With our exit from the EU officially set in motion, the UK language industry, like many other sectors, faces a prolonged period of uncertainty as the terms of that exit are negotiated. While negotiations take place, the opportunities afforded to the sector by current exchange rates, in both supporting the growth of UK exporters and therefore expanding their international reach, are being maximised by many Language Service Providers (LSPs). Their services are now looking very competitive for purchasers based outside the UK. However, we must proceed with caution and not lose perspective. The longer-term threats to our economy and the language industry remain very real, and are something, which we, as an industry and the government, need to address as a matter of urgency.
The most pressing issue for an industry, which relies heavily on mother-tongue linguists, is the status of EU nationals living and working in the UK – some for many years. Regardless of the many reassurances made by various members of the UK’s negotiating team that this matter will be top of the agenda, no guarantees are being offered. This uncertainty is causing great anxiety among the language community, who are feeling that they are being used as human bargaining chips. A number I have spoken to are worried that, even if they are granted ‘leave to remain’, the Home Office will make the bureaucracy incredibly burdensome and exploit the opportunity to introduce exorbitant charges. Such is the uncertainty, some have told me that they are putting plans to buy homes on hold and delaying decisions about their children’s education.
Away from the personal impact of Brexit on individuals working in the language sector, the drivers of UK plc do seem to be confounding the gloomy forecasts made ahead of the referendum. The latest figures from the Office of National Statistics indicates an increase in GDP by 0.7% in the final quarter of 2016, and predicts a 2% rise in GDP this year. In the short-term at least, there is cause for optimism in our sector. Indeed, as sterling remains weak against other currencies, UK exporters are taking advantage and sales are increasing, which is good for a service industry such as our own. The imperative for UK manufacturers to find new global markets and trade partners ahead of our EU exit, means that now, more than ever, is the time for them to start investing in professional language services.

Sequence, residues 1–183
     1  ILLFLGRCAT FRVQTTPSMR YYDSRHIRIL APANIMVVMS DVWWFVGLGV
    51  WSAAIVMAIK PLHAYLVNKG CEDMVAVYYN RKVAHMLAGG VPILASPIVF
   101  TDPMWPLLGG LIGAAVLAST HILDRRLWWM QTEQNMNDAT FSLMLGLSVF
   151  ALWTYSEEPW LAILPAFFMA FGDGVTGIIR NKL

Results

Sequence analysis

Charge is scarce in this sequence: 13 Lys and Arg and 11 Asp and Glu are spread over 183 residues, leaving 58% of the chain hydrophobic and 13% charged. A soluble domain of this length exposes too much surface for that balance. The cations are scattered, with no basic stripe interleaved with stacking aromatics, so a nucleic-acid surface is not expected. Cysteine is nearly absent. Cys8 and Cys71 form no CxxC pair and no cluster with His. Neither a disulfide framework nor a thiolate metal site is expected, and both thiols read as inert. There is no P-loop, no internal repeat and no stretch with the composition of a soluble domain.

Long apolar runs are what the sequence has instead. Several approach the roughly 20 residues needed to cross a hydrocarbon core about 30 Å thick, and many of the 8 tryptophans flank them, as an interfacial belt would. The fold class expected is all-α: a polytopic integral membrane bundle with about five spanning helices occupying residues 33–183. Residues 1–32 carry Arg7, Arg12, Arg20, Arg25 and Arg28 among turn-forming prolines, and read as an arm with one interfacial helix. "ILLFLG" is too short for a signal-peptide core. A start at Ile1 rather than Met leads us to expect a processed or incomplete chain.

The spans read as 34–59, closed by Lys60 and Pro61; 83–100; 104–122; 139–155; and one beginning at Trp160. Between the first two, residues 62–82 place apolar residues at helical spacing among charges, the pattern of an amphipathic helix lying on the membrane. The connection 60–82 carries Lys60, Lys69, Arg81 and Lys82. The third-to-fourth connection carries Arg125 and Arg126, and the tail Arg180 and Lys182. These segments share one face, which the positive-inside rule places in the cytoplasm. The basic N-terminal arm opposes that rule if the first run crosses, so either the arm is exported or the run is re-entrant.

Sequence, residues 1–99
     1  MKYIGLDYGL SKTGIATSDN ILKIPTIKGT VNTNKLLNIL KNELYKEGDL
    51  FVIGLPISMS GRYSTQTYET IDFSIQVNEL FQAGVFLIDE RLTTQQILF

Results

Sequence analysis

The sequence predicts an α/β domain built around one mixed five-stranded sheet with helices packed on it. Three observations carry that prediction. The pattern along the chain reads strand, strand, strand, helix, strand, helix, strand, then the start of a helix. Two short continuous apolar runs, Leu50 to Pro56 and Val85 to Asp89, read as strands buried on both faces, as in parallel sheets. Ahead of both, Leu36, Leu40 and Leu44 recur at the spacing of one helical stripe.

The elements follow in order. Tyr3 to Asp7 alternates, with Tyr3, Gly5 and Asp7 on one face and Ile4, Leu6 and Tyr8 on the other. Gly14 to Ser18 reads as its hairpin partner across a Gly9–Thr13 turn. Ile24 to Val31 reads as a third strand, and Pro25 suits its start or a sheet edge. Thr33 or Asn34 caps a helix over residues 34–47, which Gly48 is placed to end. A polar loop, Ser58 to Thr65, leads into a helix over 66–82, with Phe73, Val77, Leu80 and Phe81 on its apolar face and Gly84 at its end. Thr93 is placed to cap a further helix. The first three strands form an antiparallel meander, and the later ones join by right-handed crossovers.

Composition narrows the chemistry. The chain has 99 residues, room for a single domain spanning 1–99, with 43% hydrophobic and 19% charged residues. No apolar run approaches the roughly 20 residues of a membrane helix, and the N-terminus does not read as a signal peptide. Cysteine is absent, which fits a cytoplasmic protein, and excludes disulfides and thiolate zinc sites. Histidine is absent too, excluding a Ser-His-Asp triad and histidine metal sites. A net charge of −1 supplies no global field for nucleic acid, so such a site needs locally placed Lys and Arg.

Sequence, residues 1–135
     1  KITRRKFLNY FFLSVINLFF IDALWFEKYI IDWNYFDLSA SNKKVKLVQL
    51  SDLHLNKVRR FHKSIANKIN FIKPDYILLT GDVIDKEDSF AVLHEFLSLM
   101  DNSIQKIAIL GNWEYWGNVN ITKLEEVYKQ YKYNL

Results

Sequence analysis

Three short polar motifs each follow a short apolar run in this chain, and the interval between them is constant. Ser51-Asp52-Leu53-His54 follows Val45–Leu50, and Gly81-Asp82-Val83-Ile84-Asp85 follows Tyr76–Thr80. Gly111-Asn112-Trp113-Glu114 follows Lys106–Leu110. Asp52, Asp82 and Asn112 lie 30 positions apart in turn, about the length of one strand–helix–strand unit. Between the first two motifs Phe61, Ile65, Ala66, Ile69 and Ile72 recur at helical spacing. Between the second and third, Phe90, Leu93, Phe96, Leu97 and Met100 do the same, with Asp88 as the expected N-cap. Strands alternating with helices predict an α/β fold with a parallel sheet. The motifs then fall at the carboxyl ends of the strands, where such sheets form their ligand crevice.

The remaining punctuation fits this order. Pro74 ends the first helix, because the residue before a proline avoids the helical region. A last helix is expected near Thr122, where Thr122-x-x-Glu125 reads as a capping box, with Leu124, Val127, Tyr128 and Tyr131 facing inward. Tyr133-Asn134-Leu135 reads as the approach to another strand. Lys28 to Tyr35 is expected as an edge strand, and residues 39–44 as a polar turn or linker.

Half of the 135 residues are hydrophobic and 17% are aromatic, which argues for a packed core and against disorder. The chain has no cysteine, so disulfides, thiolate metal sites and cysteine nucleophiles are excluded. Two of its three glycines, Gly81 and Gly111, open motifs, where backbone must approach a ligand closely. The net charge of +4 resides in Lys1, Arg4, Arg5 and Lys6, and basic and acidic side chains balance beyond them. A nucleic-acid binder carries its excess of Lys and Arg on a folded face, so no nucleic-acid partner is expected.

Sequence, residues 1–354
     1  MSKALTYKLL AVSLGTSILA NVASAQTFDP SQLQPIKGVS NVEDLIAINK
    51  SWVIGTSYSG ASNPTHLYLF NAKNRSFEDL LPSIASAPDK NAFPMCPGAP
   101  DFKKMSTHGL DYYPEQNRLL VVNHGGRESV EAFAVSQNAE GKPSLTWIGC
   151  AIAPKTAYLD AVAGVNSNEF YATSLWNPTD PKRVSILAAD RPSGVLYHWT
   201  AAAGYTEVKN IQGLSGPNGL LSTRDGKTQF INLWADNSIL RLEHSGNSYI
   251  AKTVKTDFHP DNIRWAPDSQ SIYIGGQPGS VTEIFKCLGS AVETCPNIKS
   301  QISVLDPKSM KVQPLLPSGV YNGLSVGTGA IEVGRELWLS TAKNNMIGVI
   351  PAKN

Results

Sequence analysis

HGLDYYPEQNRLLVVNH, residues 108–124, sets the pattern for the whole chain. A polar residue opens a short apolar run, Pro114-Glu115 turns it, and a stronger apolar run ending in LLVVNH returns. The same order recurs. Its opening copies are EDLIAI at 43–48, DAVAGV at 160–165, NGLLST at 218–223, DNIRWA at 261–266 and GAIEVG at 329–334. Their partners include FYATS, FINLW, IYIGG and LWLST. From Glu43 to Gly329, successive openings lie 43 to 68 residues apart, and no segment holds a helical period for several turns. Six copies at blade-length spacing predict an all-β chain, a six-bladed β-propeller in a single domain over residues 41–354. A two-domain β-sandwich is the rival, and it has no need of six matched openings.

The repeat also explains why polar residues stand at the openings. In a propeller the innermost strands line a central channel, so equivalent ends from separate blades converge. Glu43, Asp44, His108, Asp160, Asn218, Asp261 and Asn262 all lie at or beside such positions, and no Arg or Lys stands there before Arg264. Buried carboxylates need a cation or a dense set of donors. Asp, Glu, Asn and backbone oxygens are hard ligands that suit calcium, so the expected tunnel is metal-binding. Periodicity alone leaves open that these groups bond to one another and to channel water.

Regardless of the size of an organisation, accurate translations, in which all colloquialisms and cultural references are spot on, add great value to a business. Every piece of research shows that by communicating effectively in the language of an export target market, companies can expand opportunities to build relationships and sell their products and services globally, both on and offline. However, exporters should be wary of taking shortcuts or trying to save money by using non-professionals to create their translations. So often this can lead to comical outcomes. This may raise a smile, but a more likely outcome is damage to a company’s credibility and reputation. It is only by accessing the right services from the right professional language company that bear traps can be avoided and the opportunities to develop new overseas markets maximised.
According to recent industry research*, it seems as though more UK manufacturers are opening their eyes to the benefits which a professional languages services company can offer, with the UK’s £1billion language sector reporting a growth of 4.2% during 2016. The UK also ranked third in a recent European index of positivity related to the future expansion of the language service industry** and is significantly out-performing many of its European counterparts.